Man Of Failures
Today when I look at myself, I see myself as a “man of failures”. These failures have helped me develop an attitude, that is ready to fail but wants to try. Calculate not in money but degree of change it opts for, in a positive direction.
Budhni in District Sehore of Madhya Pradesh, India is a small place with a population of 17,000, where my mother started a school just to teach me and others like me well. Only a mother could do this.
So in real sense my mother is the first entrepreneur in my family. She couldn't grow this school beyond class 5. So I had to go to a government school after class 5.
Battle Hardening Begins At Early Stage
Opportunity to join Sainik School through a state wide entrance exam was the only gateway for me to get out of Budhni. Thankfully, I was able to crack this state level exam which is for young boys of 11 years of age. I was selected into the prestigious Sainik School located in Rewa, Madhya Pradesh. Sainik School is a boarding school, run by Indian Ministry of Defence since 1963, with the aim of preparing the children to join the Indian Armed Forces.
As a young boy of 11 years studying in class 6 of Sainik School, the army like khaki school uniform was a life’s charm. It gave me the dream of joining the Indian Armed Forces. I chased this dream consistently for about 11 years by giving entrance exams for National Defence Academy, Combined Defence Services Examination, CPO and even Indian Police Services (the glamour-less stepbrother of armed forces), but without success. I still believe I was capable but was just not meant to perform that way.
Then for several years I tried getting into Indian Administrative Services with no success. After the repeated UPSC failures too, the biggest question of my life was “What shall I do now?”. While I could not clear the entrance exam for the Indian Administrative Services, there was abundant knowledge that I gained while preparing for all these entrance exams over the years. Geography & Psychology were my favored subjects and I wanted to use that knowledge in the work I did or the career I chose. Well, as it was to happen, one led me to the field of education and the other to agriculture in the later years.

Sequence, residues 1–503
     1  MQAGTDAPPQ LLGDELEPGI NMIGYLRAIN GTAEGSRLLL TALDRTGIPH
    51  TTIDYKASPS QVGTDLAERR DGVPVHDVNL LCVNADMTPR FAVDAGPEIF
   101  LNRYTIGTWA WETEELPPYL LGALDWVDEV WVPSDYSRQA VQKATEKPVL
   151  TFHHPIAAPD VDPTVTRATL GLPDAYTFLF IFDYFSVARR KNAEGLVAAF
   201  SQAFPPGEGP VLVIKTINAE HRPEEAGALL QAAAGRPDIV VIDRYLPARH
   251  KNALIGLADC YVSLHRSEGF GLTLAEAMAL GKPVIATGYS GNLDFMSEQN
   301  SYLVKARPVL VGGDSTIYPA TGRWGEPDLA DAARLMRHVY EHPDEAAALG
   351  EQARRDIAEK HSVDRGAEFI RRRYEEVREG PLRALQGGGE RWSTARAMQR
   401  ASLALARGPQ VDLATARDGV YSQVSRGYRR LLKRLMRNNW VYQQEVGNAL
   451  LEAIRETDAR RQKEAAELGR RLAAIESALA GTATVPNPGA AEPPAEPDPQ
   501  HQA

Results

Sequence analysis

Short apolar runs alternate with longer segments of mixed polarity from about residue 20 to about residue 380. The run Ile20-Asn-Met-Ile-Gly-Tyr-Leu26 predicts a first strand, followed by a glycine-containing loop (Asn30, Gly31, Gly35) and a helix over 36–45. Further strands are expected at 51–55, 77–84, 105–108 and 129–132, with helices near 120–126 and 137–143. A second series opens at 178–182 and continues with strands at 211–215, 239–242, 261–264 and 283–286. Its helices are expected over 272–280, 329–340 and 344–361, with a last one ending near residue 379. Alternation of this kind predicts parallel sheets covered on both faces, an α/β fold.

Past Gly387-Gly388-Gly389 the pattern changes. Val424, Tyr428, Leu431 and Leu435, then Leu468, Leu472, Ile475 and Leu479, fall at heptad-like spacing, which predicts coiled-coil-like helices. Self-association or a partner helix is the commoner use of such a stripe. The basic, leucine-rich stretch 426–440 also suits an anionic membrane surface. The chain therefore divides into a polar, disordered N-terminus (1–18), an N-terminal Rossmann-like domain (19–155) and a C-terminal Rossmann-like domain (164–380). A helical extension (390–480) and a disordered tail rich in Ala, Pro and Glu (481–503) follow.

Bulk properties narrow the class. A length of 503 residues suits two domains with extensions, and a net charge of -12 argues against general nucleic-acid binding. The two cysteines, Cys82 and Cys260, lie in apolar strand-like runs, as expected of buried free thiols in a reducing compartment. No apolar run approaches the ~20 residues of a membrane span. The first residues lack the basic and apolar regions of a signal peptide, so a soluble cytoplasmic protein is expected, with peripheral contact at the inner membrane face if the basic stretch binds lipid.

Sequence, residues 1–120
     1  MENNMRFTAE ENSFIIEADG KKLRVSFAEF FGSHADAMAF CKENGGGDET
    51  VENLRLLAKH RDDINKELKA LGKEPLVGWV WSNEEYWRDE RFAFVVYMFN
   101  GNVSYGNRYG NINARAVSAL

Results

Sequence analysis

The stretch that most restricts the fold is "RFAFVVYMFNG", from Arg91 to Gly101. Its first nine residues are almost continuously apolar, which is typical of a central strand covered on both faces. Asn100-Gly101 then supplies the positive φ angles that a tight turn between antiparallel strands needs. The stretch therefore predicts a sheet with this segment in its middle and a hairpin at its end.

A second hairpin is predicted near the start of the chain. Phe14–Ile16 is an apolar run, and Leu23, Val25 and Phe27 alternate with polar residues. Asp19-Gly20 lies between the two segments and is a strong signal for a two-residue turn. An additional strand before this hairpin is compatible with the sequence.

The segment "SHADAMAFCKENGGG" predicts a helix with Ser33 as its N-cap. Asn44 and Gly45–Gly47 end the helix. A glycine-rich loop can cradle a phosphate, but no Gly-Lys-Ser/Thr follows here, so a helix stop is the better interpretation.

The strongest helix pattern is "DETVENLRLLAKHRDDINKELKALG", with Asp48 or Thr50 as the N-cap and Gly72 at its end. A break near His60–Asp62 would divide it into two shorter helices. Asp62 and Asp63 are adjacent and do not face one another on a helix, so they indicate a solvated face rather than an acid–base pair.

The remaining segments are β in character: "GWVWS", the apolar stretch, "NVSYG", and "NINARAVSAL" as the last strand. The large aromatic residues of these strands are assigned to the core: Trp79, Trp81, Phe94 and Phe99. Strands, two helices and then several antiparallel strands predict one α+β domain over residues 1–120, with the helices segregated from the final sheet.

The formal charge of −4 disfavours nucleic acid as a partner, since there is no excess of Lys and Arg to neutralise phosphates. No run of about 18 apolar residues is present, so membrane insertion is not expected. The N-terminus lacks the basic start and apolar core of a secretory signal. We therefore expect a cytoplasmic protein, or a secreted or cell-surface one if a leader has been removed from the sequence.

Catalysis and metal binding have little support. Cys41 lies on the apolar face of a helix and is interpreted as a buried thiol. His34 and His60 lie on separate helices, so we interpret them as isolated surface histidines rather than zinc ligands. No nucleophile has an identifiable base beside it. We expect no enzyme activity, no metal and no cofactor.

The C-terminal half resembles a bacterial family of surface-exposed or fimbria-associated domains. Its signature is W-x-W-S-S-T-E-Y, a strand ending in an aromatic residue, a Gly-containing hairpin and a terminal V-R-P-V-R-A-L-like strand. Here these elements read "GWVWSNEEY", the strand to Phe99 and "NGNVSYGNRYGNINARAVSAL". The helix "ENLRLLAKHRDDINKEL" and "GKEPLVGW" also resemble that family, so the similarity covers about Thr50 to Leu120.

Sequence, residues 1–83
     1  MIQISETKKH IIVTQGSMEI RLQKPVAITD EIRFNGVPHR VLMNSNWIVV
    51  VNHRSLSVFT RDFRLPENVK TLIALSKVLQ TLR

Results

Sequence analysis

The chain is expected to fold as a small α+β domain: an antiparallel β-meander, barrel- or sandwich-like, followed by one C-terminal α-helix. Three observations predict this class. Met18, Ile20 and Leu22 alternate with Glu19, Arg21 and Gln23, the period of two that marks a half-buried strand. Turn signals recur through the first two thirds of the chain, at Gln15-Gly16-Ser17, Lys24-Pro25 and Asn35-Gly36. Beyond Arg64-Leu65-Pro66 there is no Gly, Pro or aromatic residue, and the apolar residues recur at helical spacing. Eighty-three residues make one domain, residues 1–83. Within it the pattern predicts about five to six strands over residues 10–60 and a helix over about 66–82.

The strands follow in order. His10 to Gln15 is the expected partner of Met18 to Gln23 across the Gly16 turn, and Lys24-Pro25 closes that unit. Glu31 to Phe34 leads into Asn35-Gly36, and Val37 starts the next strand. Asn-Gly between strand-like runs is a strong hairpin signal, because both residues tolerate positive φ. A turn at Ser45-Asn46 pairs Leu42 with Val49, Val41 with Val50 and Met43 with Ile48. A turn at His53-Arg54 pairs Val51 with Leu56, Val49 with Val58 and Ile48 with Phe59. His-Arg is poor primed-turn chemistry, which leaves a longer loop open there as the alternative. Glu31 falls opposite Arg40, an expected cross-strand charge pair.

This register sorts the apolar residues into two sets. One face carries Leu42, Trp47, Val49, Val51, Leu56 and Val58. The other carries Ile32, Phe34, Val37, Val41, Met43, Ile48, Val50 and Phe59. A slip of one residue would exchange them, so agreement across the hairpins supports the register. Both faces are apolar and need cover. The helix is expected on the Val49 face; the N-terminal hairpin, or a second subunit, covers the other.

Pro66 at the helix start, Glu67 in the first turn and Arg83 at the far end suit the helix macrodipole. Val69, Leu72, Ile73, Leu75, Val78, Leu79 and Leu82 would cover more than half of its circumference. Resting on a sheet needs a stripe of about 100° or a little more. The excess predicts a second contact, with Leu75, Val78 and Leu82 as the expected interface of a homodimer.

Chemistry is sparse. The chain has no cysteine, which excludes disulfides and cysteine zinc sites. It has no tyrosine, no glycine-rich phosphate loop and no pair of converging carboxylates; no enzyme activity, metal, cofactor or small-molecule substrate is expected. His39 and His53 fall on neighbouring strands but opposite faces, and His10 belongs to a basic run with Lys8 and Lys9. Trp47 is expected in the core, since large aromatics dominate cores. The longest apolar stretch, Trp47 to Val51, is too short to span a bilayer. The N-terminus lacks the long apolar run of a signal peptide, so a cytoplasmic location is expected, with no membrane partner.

Opening a New School
Bharti Vidya Mandir was the name of the school that my mother had started and handled originally. I decided to expand this school by implementing modern facilities and also build a new one with the name Bharti Vidya Mandir International School in Nasrullaganj, another small town in Madhya Pradesh, India with a population of 26,000.
My mother's vision and venture: Bharti Vidya Mandir in Budhni, Madhya Pradesh
The school at Nasrullaganj as it is now: An extension of my mother's vision and my grit and determination
Support from my family, proper guidance in the field, my hunger to perform by hard work and a lot of luck by God’s grace helped me start & complete the project of building the school within a short period of time. I used to stand with the contractors and laborers during the construction process. The excitement and fervour was akin to that of building your first house.
Bharti Vidya Mandir International School started with 424 students in 2009 has now reached a strength of 1040 and is a well known name in Nasrullaganj for quality education in the region.
Young Performers of Bhartiya Vidya Mandir International School at Nasrullaganj
From A School to Chain of Schools
Bharti Vidya Mandir has its third branch now in Rehti, Madhya Pradesh. Rehti is a City Municipality in Sehore, Madhya Pradesh with population of less than 12,000. The three schools are now run with a centralized system with local operative authorities. Fee structure varies depending upon the socio-economic status of the locals, but quality in imparting education to the young minds is same in all the three schools.
The little sunshines of Bhartiya Vidya Mandir at Rehti, Madhya Pradesh